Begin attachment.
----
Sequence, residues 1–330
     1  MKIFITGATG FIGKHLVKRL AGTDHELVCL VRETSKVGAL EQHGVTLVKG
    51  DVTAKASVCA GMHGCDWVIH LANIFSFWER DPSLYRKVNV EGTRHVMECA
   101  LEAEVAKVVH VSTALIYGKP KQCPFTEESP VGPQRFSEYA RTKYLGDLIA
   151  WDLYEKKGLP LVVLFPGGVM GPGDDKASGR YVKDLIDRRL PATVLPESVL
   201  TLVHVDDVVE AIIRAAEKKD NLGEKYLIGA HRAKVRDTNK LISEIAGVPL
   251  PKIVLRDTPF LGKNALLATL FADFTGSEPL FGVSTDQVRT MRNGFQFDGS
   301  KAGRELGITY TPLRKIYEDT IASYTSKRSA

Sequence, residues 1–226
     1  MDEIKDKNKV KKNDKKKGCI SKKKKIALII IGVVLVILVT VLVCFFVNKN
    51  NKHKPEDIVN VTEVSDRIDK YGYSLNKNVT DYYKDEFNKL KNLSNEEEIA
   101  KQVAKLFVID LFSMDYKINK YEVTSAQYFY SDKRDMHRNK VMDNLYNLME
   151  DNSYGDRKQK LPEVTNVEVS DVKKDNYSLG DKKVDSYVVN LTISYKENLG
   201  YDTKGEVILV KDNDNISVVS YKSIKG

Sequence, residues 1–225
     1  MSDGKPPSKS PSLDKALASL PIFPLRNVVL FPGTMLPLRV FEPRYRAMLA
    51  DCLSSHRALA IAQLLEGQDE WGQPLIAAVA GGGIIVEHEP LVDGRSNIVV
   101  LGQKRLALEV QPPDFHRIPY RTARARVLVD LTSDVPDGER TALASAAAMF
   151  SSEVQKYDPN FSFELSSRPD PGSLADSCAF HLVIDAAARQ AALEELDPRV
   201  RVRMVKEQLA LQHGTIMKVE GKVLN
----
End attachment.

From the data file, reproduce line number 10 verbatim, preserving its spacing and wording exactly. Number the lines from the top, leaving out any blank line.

     1  MDEIKDKNKV KKNDKKKGCI SKKKKIALII IGVVLVILVT VLVCFFVNKN